Something to take into account, though, before you all roll your eyes at your doddering parents. Our hesitance, our "slowness", if you will, is merely the gift of time that we have been given. It's like we are watching a giant clock that began to run the moment you were born, and our measured pace is merely the desire to have more time with you. Not necessarily to stop you from growing up, we know this to be inevitable and feel certain the world will be lucky to get such amazing young adults; but to hold on for a bit longer to the idea that you belong to us, the notion that we can protect you and guide you to make the right decisions, before it's time for you to do those things on your own. Just to hold on to you a bit longer. To marvel at you, to enjoy you, and to make sure you know how to wash your dishes and fold a t-shirt. That is our small contribution to your amazing selves. Well, that, and to see you safely through puberty, which is like teething was for you as a baby, with less drool. The next few years are sure to provide you with moments of uncertainty, but don't be fooled by those crazy hormones. Get still, if you can, get quiet, and listen hard to hear your truth, and remember that feelings are not facts. They are fleeting, and while they are of great worth to shape your experiences in life, they are only part of the equation. When you feel overwhelmed by them, that's a good time to take a nap, or eat an apple. Or sit next to your mom on the couch, and lean your head on her shoulder and just be you.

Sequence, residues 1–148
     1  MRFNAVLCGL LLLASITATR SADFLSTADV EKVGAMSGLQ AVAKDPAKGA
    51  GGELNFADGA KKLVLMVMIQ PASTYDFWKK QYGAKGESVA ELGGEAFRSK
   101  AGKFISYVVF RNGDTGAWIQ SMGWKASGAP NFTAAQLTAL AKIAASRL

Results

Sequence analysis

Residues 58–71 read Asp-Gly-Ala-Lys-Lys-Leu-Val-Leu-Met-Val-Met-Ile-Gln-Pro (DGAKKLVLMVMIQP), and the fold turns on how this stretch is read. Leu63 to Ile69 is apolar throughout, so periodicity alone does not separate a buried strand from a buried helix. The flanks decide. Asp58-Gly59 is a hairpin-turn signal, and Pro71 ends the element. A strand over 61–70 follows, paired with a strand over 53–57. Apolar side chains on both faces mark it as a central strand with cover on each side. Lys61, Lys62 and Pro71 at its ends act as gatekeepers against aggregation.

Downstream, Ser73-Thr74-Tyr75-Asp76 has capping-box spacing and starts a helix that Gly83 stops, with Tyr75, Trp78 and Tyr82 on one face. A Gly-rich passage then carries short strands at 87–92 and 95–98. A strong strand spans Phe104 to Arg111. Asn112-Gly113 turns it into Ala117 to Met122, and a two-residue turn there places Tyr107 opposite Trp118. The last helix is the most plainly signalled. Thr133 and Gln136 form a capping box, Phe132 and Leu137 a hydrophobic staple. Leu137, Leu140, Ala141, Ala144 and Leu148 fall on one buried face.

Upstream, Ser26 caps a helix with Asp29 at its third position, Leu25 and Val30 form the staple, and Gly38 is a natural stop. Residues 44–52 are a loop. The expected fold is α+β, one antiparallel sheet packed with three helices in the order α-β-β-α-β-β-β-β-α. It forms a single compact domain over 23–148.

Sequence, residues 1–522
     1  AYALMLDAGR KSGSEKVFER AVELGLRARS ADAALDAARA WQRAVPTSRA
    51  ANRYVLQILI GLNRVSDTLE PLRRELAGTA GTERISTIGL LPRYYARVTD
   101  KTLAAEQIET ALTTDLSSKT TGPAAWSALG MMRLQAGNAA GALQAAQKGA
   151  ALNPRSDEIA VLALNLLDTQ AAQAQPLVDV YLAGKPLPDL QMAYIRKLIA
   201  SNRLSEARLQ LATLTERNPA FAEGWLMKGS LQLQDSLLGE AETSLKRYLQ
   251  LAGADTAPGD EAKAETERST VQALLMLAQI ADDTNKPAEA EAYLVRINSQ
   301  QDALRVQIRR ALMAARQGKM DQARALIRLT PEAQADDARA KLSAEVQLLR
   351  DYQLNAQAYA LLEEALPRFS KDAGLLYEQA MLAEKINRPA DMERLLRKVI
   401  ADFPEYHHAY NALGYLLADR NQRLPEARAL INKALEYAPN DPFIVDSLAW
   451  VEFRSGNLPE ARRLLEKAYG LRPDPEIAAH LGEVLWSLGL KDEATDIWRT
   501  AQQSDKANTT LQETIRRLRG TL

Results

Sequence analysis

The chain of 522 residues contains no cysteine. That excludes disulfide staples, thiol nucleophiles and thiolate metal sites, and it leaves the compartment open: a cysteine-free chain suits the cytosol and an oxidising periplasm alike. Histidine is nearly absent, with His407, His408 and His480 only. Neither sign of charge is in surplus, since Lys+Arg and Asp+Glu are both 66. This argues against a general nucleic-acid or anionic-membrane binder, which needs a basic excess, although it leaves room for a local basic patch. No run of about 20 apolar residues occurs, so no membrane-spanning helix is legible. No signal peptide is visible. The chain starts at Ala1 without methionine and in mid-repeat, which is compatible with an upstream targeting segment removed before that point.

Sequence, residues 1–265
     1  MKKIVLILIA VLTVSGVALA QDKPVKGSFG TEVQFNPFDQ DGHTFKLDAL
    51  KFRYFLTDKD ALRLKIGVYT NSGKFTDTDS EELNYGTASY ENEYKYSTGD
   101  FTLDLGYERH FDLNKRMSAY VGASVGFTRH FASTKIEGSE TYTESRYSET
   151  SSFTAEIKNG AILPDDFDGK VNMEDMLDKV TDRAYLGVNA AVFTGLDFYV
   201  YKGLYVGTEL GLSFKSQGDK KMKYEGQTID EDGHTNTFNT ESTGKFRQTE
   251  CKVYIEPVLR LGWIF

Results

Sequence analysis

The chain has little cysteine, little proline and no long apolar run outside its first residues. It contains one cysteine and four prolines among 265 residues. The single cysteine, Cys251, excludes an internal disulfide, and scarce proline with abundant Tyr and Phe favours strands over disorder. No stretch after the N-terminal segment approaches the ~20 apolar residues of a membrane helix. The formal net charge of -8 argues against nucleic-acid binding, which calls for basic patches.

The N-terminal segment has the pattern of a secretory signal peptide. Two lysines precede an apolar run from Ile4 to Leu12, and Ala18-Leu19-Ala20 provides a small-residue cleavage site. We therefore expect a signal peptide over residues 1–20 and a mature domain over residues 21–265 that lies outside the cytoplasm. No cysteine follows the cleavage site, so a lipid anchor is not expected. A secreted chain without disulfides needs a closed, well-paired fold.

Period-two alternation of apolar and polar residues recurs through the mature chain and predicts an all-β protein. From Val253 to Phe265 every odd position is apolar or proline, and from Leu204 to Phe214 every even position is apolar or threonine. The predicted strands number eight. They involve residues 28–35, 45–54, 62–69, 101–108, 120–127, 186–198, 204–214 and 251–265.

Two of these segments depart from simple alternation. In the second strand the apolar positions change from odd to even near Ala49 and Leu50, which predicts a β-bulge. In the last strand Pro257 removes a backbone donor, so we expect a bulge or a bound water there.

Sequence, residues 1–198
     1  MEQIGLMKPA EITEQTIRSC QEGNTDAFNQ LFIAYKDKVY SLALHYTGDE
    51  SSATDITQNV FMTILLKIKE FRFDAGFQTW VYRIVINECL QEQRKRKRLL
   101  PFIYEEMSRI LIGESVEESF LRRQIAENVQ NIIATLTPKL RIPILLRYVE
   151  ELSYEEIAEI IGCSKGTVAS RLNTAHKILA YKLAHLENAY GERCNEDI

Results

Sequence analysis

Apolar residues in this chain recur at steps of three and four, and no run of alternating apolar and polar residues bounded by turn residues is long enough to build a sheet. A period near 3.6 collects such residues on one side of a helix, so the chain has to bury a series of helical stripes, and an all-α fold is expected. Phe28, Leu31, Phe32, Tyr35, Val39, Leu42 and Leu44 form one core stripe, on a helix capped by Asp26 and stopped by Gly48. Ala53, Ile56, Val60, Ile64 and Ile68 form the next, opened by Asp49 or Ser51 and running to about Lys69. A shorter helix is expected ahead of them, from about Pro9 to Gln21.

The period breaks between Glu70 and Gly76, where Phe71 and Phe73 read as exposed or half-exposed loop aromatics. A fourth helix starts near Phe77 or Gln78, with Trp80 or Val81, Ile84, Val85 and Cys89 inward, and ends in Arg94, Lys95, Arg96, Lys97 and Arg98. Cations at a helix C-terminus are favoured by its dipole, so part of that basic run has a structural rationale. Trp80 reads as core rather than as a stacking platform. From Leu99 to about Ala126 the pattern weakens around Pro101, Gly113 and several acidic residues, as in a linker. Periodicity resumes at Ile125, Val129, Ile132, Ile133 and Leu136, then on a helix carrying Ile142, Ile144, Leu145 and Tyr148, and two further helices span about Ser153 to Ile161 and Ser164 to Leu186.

Magnificent teenager.

Lots of love and Happy Birthday,

Annie McQ

Friday, August 17, 2012

Get Back, (Dark) Temptation

Do you know what happens when your boy child hits about 11 1/2?  He starts to SMELL.  Kids going through puberty are little body odor FACTORIES.  They can be squeaky clean, but their armpits?


I was in the car with him this week, and caught a whiff and remembered the most important thing on my to-do list:  let him pick out some deodorant.  So, today, we went on a little deodorant-buying expedition.

Back when I was a kid and lived with my dad and my brothers, there was only ONE deodorant in our house.  Right Guard.  Spray.  I honestly didn't need to know anything about the ozone to know that this stuff was killing SOMETHING.

Since then, I hadn't looked at men's deodorant.  Ever.  Charley buys his own, so it's not something I have ever considered.  Until today.  And I have to congratulate you, you manly men, because you are sort of eclipsing us girls in the sheer number of deodorant selections on the market.  There were so many, it took us quite a while to choose.  So we did what we do when we go hat shopping for JH, and here I shall helpfully give you the guidelines of shopping for your pre-teen/teen.  This should work equally well for girls.